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Prevalence of Vitamin D Deficiency in Korean Children Presenting with Nonspecific Lower-Extremity Pain.

Park MJ, Lee J, Lee JK, Joo SY - Yonsei Med. J. (2015)

Bottom Line: Serum 25-(OH)D levels were <10 ng/mL in 5.7% of patients, 10 to <20 ng/mL in 51.4%, 20 to <30 ng/mL in 37.9%, and ≥30 ng/mL in only 5.0%.Most patients visited the hospital in the winter (41.4%) (summer, 12.9%), and serum 25-(OH)D levels were also lowest in the winter (17.2±5.5 ng/mL).This study found a high prevalence of vitamin D deficiency or insufficiency in Korean children with nonspecific lower-extremity pains, indicating a positive association between vitamin D deficiency and growing pains.

View Article: PubMed Central - PubMed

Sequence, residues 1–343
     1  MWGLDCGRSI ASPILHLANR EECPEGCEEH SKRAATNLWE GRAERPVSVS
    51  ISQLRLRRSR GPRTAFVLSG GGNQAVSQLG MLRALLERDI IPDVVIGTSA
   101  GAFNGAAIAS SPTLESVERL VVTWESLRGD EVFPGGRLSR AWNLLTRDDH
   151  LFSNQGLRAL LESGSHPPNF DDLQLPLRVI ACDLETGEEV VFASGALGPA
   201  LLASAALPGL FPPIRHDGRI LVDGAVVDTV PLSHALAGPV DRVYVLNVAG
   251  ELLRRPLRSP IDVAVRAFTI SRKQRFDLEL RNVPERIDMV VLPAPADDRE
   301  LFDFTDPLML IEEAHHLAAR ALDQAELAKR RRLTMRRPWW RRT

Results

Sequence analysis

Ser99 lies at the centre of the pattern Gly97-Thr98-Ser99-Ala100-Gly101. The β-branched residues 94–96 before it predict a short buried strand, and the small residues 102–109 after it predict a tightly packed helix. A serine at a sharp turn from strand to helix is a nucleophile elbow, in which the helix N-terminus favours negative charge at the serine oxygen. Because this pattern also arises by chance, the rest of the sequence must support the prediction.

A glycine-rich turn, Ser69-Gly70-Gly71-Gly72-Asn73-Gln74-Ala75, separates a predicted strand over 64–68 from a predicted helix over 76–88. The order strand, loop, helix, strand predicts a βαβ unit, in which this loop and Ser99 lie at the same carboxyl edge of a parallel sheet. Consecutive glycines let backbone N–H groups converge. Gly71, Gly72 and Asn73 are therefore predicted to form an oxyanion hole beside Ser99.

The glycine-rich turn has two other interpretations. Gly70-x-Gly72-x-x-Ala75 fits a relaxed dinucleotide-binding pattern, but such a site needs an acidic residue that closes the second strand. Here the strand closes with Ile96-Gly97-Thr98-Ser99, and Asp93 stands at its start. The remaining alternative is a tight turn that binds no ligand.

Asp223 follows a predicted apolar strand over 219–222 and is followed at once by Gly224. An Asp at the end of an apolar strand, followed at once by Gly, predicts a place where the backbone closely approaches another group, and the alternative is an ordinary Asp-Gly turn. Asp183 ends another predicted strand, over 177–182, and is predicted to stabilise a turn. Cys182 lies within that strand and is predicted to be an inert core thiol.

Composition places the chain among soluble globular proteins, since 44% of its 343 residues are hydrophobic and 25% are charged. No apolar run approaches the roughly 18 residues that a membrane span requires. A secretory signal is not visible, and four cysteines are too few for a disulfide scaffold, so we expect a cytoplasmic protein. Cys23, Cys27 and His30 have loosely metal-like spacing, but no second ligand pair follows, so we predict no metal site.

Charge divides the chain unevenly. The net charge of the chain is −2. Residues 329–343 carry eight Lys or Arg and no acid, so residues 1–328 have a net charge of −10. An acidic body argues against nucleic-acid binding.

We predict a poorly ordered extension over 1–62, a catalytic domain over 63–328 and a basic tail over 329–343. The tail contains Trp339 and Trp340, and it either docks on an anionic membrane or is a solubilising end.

Affiliation: Department of Orthopedic Surgery, National Health Insurance Service Ilsan Hospital, Goyang, Korea.

ABSTRACT

Purpose: Although interest in the role played by vitamin D in bone health is increasing, little is known about the role of this vitamin in musculoskeletal pain in children. This study aimed to assess the prevalence of vitamin D deficiency in children presenting with nonspecific lower extremity pains.

Materials and methods: From 2011 to 2012, 183 children underwent evaluation for nonspecific lower-extremity pains. Patients with valid causes, such as fractures or transient synovitis, were excluded, as were those with underlying medical conditions, such as cerebral palsy and metabolic disease. Ultimately, 140 patients met the inclusion criteria. Levels of serum 25-hydroxy vitamin D [25-(OH)D], the ideal indicator of vitamin D status, were measured in these children.